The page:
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My goal is to retrieve an ObservableCollection<Color> out of a XAML resource file, but I'm using .NET 3.5 so I can't directly declare the generic type in XAML. My current solutions is to declare a Color array in XAML:

<x:Array Type="Color" x:Key="ColourPickerStandardColours">

and retrieve it in code:

var standardColours = new ObservableCollection<Color>(

When I try to run this though, I get this exception:

Unable to cast object of type 'System.Windows.Markup.ArrayExtension' to type

ArrayExtension has IList Items, but I need the generic IEnumerable<T> to construct an ObservableCollection<T>. I think I could use ProvideValue(IServiceProvider), but I'm not sure what I should pass to it.

Am I doing something wrong, or just missing something obvious?

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Just use Items.Cast<Color> (). – Anton Tykhyy Dec 13 '12 at 21:42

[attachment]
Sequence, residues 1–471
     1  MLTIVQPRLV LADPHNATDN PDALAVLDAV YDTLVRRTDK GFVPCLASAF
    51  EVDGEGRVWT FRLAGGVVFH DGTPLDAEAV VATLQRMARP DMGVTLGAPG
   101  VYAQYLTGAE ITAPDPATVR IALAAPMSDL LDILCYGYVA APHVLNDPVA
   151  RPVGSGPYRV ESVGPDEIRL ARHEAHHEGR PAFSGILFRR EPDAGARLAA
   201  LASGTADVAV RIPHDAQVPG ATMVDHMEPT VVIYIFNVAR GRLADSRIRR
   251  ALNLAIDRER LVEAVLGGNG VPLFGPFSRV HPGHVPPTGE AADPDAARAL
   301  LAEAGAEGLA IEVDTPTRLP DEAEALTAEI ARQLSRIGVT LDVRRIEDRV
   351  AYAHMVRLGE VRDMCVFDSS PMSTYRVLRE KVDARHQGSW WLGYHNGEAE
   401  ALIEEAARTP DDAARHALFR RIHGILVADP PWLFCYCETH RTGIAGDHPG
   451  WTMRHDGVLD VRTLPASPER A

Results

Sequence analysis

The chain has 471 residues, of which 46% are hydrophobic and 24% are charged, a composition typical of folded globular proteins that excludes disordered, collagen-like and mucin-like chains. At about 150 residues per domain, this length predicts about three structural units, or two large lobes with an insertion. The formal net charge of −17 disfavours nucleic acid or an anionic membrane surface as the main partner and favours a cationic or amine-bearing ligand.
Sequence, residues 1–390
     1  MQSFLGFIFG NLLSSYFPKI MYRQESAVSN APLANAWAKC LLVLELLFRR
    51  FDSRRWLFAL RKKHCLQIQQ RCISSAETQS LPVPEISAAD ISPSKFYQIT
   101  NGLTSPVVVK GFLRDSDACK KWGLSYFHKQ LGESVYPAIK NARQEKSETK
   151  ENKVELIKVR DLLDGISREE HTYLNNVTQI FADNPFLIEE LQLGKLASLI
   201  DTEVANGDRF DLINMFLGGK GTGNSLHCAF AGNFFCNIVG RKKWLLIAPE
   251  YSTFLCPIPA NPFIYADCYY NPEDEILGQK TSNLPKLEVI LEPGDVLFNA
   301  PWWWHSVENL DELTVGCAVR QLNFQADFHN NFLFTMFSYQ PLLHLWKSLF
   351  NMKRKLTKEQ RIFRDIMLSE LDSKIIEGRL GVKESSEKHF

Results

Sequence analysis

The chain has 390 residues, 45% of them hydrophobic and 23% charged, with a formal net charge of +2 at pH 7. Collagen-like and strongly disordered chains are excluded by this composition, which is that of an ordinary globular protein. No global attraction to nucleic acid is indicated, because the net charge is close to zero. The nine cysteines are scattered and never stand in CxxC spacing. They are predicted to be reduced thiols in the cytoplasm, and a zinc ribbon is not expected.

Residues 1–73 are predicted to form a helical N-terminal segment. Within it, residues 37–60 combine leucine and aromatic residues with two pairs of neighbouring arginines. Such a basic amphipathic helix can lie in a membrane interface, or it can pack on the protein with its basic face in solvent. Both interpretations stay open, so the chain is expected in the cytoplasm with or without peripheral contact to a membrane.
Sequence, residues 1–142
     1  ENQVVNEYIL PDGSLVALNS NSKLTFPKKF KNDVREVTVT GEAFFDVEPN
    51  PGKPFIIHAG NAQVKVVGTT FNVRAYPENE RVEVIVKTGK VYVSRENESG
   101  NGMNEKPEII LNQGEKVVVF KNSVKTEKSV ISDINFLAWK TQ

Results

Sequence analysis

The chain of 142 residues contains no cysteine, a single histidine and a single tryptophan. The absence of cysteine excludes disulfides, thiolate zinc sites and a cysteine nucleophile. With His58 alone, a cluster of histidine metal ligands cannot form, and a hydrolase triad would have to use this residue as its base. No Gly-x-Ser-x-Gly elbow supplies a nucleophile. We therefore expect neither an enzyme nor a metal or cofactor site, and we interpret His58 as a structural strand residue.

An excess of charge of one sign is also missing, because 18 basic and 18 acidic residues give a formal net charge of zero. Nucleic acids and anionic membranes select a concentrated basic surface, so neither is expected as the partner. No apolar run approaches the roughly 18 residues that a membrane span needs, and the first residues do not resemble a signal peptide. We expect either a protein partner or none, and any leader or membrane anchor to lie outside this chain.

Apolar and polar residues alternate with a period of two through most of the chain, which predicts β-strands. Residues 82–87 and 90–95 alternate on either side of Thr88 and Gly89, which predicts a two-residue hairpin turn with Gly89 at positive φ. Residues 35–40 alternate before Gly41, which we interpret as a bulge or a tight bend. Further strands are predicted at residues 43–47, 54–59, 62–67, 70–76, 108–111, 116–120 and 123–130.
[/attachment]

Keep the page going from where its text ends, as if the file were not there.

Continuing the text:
...And I feel like an idiot now. Thanks. If you want to post it as an answer I'll accept it. – TheEvilPenguin Dec 13 '12 at 21:45

2 Answers 2

up vote 3 down vote accepted

WPF uses an untyped collection there. Just use Items.Cast<Color> ().

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Cast to ArrayExtension, and your values are in the Items property

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Unfortunately I need a generic collection to construct the ObservableCollection, and Items is just IList. Anton Tykhyy was correct with .Cast<Color>(). – TheEvilPenguin Dec 13 '12 at 22:13
@TheEvilPenguin why do you need a generic collection? You don't even need to load into an ObservableCollection. You can bind to the IList directly - it isn't going to change. – James L Dec 14 '12 at 20:40
The control I'm using takes an ObservableCollection<ColorItem> (ColorItem is easy to construct from Color). I included notes about why I couldn't use .Items in the question, but didn't think I would need to go into massive detail describing the reasons behind my requirements. – TheEvilPenguin Dec 14 '12 at 22:18

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